Saturday, October 17, 2009

Twenty Years...

Twenty years ago, right now...

The Bay Area shook, rattled and rolled...


6.9 on the Richter Scale...


The World Series was interrupted...


I was standing in the kitchen at my best friend's house looking out the back window, watching as the garage would lean one way and the house leaned the other. It sounded like a freight train was rolling past the house, but the nearest tracks were a mile away. When we finally stopped moving we knew it had been pretty strong, but nothing was broken and we were all still standing, so we figured it was just another earthquake so common to this area.

We had to leave shortly thereafter to go to the Oakland airport. As we drove west on I-80, the concrete slab traffic lanes were visibly separated at the expansion joints. Each lane was three or four inches lower than the one to its left. The Ashby Avenue off-ramp was about two feet lower than the slow lane of the freeway and there was a CHP car parked there to keep any HUA drivers from catching air off of it.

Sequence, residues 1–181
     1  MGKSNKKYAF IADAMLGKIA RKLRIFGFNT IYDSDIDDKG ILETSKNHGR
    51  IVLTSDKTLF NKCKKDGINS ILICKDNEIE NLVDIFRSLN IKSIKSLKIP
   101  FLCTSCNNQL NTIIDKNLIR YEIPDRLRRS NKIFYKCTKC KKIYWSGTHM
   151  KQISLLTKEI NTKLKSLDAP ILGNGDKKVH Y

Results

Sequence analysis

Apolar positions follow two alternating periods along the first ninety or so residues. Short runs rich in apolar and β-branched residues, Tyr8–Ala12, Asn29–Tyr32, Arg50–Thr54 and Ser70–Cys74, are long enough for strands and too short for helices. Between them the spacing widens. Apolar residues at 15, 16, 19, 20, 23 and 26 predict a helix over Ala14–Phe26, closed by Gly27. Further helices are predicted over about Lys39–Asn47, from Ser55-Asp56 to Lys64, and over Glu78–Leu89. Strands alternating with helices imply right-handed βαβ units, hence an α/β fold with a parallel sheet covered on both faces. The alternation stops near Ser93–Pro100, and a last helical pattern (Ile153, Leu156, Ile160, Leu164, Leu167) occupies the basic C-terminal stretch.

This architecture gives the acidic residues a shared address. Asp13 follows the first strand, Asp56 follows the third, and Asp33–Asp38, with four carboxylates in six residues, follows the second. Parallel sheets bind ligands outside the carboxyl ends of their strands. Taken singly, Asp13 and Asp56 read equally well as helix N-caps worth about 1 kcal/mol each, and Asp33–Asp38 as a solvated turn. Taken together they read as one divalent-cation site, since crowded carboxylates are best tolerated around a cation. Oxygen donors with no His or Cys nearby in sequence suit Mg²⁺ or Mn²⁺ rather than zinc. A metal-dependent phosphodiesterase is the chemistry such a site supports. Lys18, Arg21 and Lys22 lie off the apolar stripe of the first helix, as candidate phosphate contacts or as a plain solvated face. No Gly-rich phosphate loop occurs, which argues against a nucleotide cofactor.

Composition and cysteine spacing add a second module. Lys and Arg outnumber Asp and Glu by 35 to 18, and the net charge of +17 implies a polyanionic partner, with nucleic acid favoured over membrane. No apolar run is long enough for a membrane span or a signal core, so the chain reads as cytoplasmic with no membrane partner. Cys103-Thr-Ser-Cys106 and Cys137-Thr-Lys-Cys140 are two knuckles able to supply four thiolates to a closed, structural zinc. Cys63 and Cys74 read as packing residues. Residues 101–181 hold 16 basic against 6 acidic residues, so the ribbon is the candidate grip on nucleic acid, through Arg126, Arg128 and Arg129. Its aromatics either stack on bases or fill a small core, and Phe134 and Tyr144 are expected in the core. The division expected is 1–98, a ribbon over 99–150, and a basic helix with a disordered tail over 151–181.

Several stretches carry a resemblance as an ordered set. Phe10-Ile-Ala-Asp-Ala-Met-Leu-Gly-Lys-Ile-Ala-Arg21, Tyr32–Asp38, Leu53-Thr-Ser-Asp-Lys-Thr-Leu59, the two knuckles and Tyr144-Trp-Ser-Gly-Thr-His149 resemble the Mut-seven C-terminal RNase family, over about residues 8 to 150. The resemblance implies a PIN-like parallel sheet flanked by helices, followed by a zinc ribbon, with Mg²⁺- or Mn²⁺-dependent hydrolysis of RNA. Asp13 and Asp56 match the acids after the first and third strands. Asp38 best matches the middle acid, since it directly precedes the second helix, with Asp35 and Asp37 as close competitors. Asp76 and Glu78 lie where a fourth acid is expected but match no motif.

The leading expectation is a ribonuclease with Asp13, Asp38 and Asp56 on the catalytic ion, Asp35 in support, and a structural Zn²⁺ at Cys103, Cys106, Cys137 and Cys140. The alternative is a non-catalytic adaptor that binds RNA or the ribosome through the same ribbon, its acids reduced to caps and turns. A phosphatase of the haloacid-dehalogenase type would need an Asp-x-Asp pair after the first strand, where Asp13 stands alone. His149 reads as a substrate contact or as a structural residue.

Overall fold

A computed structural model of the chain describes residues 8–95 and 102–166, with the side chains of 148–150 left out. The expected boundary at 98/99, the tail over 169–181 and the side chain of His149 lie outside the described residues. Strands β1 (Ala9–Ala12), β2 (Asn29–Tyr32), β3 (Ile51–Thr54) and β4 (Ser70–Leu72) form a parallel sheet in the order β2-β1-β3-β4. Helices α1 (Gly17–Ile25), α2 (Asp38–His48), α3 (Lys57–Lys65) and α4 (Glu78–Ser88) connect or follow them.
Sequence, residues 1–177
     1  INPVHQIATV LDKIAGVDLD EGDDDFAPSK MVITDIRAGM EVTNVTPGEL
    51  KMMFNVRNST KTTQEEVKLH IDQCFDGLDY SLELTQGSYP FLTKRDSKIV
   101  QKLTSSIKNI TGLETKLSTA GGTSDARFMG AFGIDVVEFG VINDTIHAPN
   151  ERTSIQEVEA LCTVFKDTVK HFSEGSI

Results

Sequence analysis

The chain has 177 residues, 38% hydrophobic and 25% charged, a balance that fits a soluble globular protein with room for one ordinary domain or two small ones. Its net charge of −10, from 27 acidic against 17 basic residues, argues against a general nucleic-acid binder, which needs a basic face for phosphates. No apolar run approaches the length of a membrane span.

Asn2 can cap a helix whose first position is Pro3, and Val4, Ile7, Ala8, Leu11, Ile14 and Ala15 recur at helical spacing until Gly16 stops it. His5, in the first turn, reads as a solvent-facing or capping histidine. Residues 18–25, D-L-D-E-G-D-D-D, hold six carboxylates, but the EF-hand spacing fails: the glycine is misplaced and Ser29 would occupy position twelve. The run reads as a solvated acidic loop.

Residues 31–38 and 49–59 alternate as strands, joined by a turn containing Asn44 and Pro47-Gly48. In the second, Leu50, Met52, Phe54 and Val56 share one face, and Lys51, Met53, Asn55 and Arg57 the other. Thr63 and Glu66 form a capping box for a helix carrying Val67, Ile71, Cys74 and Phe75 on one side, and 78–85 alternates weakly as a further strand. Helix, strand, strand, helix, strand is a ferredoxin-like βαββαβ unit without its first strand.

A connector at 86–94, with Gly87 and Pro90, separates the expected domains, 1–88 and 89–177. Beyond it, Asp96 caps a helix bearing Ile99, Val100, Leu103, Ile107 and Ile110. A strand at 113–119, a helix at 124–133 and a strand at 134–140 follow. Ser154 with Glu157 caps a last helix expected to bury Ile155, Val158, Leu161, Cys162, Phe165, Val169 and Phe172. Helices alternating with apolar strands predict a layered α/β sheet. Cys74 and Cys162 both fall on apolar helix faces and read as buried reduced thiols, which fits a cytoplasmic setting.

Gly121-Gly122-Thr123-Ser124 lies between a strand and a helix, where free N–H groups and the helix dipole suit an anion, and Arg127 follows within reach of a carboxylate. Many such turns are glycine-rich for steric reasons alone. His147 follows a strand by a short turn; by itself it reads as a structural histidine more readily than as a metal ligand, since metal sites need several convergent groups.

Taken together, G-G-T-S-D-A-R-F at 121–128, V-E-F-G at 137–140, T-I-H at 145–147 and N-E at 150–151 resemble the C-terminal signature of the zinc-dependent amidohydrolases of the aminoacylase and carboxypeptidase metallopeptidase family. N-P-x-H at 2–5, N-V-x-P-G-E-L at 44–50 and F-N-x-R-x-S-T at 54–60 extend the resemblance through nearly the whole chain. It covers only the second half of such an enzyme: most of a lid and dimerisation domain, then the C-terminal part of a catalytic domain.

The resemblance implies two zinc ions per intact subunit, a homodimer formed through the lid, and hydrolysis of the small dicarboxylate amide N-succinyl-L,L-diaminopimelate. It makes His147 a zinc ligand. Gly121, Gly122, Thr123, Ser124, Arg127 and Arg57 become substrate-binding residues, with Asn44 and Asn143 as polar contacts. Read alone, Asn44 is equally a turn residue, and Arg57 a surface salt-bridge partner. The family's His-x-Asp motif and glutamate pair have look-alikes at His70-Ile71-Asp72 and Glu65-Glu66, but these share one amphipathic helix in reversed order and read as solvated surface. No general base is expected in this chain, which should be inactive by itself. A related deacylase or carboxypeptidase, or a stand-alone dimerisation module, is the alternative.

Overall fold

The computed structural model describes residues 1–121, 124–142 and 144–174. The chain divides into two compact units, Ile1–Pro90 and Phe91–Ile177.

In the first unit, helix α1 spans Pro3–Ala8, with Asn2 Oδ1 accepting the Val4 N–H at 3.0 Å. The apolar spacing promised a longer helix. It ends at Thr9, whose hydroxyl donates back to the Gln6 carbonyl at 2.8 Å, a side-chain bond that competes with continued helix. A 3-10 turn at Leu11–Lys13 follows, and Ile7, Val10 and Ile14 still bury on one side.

It finally sunk in that this was way bigger than we thought, when we were detoured around I-880. We could see the collapsed freeway, and the smoke from the cars. We looked across the bay and saw the smoke from the apartment building at Beach and Divisadero. Then we heard about the section of the Bay Bridge that collapsed.

Twenty years later, I still remember it like it was today.

Where were you?

14 comments:

Sabra said...

I was ten. I remember it mainly because of the World Series. In all honesty, I still do not fully comprehend it but I remember being quite scared by some of the stories, especially the freeway collapsing.

AngelE said...

I distinctly remember being in the kitchen of my parent's house eating ice cubes because it was a freaking hot day. I was in second grade and the day after the quake I didn't believe my dad that there wasn't going to be any school and made him take me to school to see. Then the next day, when there was school, I didn't want to go anymore :)

Jay911 said...